Shared from the 1/3/2019 The Providence Journal eEdition


Mattiello gives ‘Reform Caucus’ platform a look

He dismisses most of its ideas, meant to boost transparency at State House


Rep. Liana M. Cassar, D-Barrington, speaks during Wednesday afternoon’s press conference with fellow members of the Reform Caucus in the State House library. The group discussed proposals to change House rules to promote “transparency, efficiency and accountability.”


Rep. Katherine Kazarian, D-East Providence, takes a turn at the lectern to talk about the rules changes she and other members of the Reform Caucus would like to see enacted this legislative session.


PROVIDENCE — A group of House Democrats opposed to Speaker Nicholas Mattiello’s reign on Tuesday proposed changes to the legislative process they hope will disperse some of the power that has concentrated in the speaker’s office over the years back to rank and file lawmakers.

Gathering in the State House Library a day after Mattiello was reelected speaker, the 19-member “Reform Caucus” said it wants to make it easier for lawmakers to force a vote through discharge petition on bills being “held for further study” and harder for leaders to suspend the House rules toward the end of the legislative session.

They also called for a window of at least 48 hours to review new versions of a bill — including the state budget — before a vote. And for bills to carry over into the second year of a two-year legislative term.

“We are hopeful that more of our colleagues will join us and there is broad support for these types of proposals,” said Rep. Teresa Tanzi, D-South Kingstown. “And through conversations we’ve had over years, we know that there is broad support.”

But Mattiello, who retained the speaker’s gavel Tuesday with support from 47 of the 75-member House, appeared unenthusiastic about most of the proposed rules changes Wednesday. He said the House Rules Committee will be releasing its own version of the rules in the coming weeks, but made no promises about what they might look like.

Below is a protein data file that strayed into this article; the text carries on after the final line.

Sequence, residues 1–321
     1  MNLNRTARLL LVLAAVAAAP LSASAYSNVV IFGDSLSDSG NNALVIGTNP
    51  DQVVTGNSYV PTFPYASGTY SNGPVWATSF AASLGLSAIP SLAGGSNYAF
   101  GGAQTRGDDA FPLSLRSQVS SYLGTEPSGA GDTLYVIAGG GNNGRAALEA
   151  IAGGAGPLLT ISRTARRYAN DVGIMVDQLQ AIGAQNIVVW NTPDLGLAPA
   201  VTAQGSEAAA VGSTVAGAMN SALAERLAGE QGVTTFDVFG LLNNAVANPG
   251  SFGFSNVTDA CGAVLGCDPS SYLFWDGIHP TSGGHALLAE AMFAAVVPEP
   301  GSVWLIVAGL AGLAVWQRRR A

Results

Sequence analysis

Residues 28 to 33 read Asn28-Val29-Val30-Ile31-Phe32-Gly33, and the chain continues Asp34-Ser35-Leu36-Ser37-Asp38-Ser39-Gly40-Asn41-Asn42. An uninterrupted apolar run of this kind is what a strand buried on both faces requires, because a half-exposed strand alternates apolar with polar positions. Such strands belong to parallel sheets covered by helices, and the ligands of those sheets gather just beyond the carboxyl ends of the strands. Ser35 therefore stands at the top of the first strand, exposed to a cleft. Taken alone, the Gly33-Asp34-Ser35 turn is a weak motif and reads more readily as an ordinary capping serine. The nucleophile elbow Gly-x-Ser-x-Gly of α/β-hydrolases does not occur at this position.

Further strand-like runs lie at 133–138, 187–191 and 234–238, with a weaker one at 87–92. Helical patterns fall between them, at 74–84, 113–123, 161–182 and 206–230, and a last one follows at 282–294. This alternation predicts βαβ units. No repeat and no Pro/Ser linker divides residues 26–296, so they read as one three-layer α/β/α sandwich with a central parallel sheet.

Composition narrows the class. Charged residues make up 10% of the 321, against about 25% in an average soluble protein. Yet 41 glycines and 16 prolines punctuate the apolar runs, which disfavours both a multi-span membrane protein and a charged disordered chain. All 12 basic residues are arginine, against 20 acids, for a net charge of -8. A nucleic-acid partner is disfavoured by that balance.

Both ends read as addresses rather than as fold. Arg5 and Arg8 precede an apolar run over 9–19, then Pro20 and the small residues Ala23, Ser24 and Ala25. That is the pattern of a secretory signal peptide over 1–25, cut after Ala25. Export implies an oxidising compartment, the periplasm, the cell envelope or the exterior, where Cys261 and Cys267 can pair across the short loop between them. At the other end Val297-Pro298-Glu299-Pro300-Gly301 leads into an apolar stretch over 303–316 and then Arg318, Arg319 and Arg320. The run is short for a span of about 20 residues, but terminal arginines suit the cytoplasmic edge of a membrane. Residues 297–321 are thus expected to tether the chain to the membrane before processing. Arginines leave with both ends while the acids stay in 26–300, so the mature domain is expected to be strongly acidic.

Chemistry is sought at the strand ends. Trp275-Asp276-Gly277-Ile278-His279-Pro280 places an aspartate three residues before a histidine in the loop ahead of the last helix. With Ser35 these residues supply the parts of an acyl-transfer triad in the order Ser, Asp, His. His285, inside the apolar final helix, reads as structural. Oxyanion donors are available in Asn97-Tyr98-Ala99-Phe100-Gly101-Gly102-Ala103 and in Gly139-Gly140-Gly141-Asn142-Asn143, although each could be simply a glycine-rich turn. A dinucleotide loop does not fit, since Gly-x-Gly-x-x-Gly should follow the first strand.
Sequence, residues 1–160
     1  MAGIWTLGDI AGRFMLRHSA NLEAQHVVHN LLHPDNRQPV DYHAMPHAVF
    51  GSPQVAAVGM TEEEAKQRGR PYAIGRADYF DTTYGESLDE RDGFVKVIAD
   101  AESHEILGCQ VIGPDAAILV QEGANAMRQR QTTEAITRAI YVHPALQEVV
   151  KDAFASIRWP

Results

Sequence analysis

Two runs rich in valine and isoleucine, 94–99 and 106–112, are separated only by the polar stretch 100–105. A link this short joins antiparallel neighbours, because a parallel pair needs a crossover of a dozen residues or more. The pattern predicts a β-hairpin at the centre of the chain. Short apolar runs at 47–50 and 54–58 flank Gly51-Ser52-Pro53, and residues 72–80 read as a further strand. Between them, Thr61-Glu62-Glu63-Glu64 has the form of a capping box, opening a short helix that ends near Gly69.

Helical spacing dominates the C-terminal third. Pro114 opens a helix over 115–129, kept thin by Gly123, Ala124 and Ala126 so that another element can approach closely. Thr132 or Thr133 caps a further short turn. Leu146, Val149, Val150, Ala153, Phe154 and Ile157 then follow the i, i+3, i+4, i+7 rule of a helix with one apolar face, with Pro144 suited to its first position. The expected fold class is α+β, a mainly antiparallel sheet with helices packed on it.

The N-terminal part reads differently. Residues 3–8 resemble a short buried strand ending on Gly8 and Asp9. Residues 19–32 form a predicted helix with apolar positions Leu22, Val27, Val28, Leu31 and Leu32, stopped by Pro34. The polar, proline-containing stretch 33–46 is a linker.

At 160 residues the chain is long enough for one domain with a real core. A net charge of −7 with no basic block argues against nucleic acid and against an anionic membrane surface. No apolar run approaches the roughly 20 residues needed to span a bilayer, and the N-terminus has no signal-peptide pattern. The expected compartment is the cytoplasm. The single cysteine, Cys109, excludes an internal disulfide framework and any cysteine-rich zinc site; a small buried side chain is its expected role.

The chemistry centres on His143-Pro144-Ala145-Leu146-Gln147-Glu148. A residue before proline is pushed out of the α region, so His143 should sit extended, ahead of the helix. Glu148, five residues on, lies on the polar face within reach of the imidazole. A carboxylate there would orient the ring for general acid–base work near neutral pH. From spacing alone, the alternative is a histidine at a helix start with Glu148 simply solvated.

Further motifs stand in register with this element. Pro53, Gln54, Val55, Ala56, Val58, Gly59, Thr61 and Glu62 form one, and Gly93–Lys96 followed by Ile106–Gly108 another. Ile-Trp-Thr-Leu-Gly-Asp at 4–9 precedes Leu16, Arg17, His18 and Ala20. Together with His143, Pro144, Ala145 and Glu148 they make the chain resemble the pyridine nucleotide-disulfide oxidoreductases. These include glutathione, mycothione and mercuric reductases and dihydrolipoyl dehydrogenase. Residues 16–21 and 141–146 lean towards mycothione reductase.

When the Rules Committee does meet to discuss the new House rules, no members of the Reform Caucus will be on it.

A little more than an hour after the Reform Caucus news conference, Mattiello appointed new committee members and removed the only Reform Caucus member from last year’s committee lineup, Rep. Katherine Kazarian of East Providence.

Speaking to reporters in his office Wednesday afternoon, Mattiello said requiring a two-thirds vote to suspend the rules would not change much, as, barring a constitutional amendment, a simple majority could always vote to suspend anyway.

He described the proposal to allow bills to carry over into the second year of a two-year-term as “semantic” and unlikely to change many outcomes.

On giving lawmakers and the public more time to consider new versions of bills, known in State House jargon as “Substitute As,” Mattiello said he’s been considering changes already, but not if they affect the state budget’s annual late-night release and immediate approval of the House Finance Committee.

“There’s actually some merit to that,” Mattiello said about a 48-hour review period for new versions of bills. “I have never 100-percent liked the Sub A system, but that is going to add a lot of logistic work, and we have to work on figuring out to see if it is at all possible.”

“Relative to the budget I don’t agree that it makes sense,” he continued, saying the version of the budget released and voted on by the Finance Committee each year is a “work product” of that committee and the full House gets a week to review it before a final vote.

John Marion, executive director of Common Cause Rhode Island, which has long championed rules changes similar to what the Reform Caucus proposed, said the changes would be a positive step, particularly more scrutiny of the budget.

“Over the decades the rules have narrowed to concentrate power in the leadership of the House by taking power away from the rank-and-file,” Marion said. “The most significant change to the public would be the [48 hours] advance notice ... Of all the bills that should have more sunlight, the budget is foremost, but other bills that take years to finally get a vote also deserve more public scrutiny in their final form.”

Said Kazarian: “Rhode Islanders deserve transparency. Forty-eight hours is the least we could do.”

For years Republicans have campaigned for many of the rules changes proposed Wednesday and Reform Caucus members said they have been seeking the support of the nine-member GOP caucus even though the news conference featured only Democrats.

The last time the rules were debated on the House floor, two Democrats, Reform Caucus member Rep. Ray Hull and former representative Jared Nunes, joined Republicans voting against the House rules bill.

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